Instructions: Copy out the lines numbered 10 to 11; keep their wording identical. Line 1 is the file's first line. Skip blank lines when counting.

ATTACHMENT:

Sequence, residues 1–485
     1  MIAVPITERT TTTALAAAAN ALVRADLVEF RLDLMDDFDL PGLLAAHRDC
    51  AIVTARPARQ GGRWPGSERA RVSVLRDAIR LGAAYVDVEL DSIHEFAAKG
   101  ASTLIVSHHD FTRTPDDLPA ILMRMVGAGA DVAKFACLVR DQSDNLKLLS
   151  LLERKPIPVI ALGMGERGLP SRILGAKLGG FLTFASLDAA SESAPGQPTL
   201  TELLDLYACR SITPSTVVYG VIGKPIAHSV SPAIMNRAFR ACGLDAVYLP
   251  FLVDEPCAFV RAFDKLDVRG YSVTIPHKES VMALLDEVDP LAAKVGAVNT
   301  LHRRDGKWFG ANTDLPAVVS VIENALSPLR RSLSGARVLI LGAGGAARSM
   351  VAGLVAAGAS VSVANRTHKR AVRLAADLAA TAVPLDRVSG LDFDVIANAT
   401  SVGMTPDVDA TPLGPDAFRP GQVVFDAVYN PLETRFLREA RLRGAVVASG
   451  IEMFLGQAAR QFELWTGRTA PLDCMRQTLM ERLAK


   401  SVGMTPDVDA TPLGPDAFRP GQVVFDAVYN PLETRFLREA RLRGAVVASG
   451  IEMFLGQAAR QFELWTGRTA PLDCMRQTLM ERLAK